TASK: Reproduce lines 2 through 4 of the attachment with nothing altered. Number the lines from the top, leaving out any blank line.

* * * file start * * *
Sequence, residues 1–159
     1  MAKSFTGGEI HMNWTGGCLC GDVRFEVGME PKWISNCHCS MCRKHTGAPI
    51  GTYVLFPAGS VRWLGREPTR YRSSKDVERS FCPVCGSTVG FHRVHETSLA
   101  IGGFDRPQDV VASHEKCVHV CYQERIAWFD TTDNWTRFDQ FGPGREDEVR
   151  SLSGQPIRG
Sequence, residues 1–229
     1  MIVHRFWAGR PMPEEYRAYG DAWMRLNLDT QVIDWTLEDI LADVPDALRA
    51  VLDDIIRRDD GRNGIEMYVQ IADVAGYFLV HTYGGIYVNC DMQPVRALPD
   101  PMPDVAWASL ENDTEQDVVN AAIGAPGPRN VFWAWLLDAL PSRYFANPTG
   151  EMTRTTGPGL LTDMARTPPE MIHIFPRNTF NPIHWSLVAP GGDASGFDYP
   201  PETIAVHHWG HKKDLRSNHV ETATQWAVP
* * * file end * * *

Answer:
     1  MAKSFTGGEI HMNWTGGCLC GDVRFEVGME PKWISNCHCS MCRKHTGAPI
    51  GTYVLFPAGS VRWLGREPTR YRSSKDVERS FCPVCGSTVG FHRVHETSLA
   101  IGGFDRPQDV VASHEKCVHV CYQERIAWFD TTDNWTRFDQ FGPGREDEVR